img(height="1" width="1" style="display:none" src="")

Dover’s modernist masterpiece

Valeria Carullo

The 1957 modernist Dover Stage Hotel was designed by Hungarian-born Louis Erdi, one of the many refugees from Nazi-occupied Europe being celebrated at an RIBA conference

Stage Hotel Dover, 1957.
Stage Hotel Dover, 1957. Credit: Architectural Press Archive / RIBA Collections

As part of Refugee Week this month, the RIBA is holding an international hybrid conference on architects who came into contact with the institute in the late 1930s attempting to leave Nazi-occupied Europe. Some were major figures of the profession, but many are now little known, even forgotten. Among them is Hungarian-born Louis Erdi (1909-1975), who studied architecture in Zurich and Budapest. After working as assistant in his father’s practice, he opened his own in 1933 and worked on projects in Hungary, Yugoslavia and Switzerland. He then moved to London, as shown by his 1941 application for employment, held in the RIBA Refugee Committee Papers. Erdi worked as senior assistant with architect Donald Hamilton until 1947, when he started practising independently. A year later he became an RIBA member, proposed (among others) by Maxwell Fry and Jane Drew. The Dover Stage Hotel featured in this photograph, extensively covered by the architectural press at the time, was sadly demolished in 1988.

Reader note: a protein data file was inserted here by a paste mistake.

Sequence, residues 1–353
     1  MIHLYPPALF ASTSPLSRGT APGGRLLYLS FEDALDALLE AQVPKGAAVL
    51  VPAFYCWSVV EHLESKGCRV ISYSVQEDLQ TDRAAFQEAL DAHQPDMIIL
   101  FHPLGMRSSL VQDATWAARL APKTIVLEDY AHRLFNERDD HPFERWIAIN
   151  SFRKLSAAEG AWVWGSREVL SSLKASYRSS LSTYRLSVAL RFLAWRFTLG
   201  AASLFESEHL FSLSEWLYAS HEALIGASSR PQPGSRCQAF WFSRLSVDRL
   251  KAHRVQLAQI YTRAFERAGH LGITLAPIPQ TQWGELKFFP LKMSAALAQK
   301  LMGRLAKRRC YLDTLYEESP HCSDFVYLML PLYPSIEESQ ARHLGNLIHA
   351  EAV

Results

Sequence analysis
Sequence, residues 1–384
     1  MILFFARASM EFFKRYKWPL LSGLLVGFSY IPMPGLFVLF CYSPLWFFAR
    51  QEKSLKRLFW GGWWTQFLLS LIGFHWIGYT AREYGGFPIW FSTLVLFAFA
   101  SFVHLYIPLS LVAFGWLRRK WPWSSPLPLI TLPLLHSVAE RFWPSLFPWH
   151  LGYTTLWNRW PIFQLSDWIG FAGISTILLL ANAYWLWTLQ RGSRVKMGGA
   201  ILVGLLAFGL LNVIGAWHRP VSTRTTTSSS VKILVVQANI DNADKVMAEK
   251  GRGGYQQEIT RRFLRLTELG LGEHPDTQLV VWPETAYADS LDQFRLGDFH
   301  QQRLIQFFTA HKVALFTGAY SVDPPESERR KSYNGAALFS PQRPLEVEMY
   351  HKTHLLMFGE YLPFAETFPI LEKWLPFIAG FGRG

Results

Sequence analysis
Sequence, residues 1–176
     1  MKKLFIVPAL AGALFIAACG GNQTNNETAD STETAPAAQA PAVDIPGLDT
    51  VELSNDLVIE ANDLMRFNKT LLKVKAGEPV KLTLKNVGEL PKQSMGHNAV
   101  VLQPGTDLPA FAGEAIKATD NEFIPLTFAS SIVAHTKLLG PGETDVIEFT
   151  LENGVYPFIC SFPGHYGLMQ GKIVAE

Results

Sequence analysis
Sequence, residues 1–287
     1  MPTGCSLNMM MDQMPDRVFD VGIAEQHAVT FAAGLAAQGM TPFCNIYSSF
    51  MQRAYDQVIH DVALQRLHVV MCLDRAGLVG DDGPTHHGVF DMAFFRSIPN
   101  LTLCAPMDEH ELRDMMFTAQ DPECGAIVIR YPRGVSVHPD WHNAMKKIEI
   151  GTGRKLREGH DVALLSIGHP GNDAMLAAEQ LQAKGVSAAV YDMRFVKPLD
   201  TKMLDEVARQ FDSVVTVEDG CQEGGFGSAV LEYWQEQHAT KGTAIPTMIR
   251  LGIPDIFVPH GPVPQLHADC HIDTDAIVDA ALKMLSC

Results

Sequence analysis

The conference Displaced Lives will take place at the RIBA on 21-22 June